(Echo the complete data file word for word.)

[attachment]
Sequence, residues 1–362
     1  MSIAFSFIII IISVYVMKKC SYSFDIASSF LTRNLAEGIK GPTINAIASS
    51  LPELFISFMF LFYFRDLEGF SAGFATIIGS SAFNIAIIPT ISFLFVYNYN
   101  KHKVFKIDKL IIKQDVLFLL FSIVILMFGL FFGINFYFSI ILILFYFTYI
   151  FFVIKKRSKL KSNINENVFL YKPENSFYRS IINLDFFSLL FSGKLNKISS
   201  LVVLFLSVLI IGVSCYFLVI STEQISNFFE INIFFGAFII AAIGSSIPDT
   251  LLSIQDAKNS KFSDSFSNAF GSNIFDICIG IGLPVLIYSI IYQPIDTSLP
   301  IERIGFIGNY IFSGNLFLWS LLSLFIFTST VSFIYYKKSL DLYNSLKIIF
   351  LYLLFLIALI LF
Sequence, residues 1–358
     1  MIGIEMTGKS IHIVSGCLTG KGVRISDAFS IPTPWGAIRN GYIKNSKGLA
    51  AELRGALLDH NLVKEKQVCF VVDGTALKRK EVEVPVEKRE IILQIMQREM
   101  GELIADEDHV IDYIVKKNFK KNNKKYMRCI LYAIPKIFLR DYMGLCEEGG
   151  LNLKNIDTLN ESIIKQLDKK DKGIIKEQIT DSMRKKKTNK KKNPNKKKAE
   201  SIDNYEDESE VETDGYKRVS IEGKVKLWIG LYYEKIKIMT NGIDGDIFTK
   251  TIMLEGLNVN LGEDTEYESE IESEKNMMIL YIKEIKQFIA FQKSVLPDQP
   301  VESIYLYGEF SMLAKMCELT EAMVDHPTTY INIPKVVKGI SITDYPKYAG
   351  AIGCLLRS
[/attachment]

Sequence, residues 1–362
     1  MSIAFSFIII IISVYVMKKC SYSFDIASSF LTRNLAEGIK GPTINAIASS
    51  LPELFISFMF LFYFRDLEGF SAGFATIIGS SAFNIAIIPT ISFLFVYNYN
   101  KHKVFKIDKL IIKQDVLFLL FSIVILMFGL FFGINFYFSI ILILFYFTYI
   151  FFVIKKRSKL KSNINENVFL YKPENSFYRS IINLDFFSLL FSGKLNKISS
   201  LVVLFLSVLI IGVSCYFLVI STEQISNFFE INIFFGAFII AAIGSSIPDT
   251  LLSIQDAKNS KFSDSFSNAF GSNIFDICIG IGLPVLIYSI IYQPIDTSLP
   301  IERIGFIGNY IFSGNLFLWS LLSLFIFTST VSFIYYKKSL DLYNSLKIIF
   351  LYLLFLIALI LF
Sequence, residues 1–358
     1  MIGIEMTGKS IHIVSGCLTG KGVRISDAFS IPTPWGAIRN GYIKNSKGLA
    51  AELRGALLDH NLVKEKQVCF VVDGTALKRK EVEVPVEKRE IILQIMQREM
   101  GELIADEDHV IDYIVKKNFK KNNKKYMRCI LYAIPKIFLR DYMGLCEEGG
   151  LNLKNIDTLN ESIIKQLDKK DKGIIKEQIT DSMRKKKTNK KKNPNKKKAE
   201  SIDNYEDESE VETDGYKRVS IEGKVKLWIG LYYEKIKIMT NGIDGDIFTK
   251  TIMLEGLNVN LGEDTEYESE IESEKNMMIL YIKEIKQFIA FQKSVLPDQP
   301  VESIYLYGEF SMLAKMCELT EAMVDHPTTY INIPKVVKGI SITDYPKYAG
   351  AIGCLLRS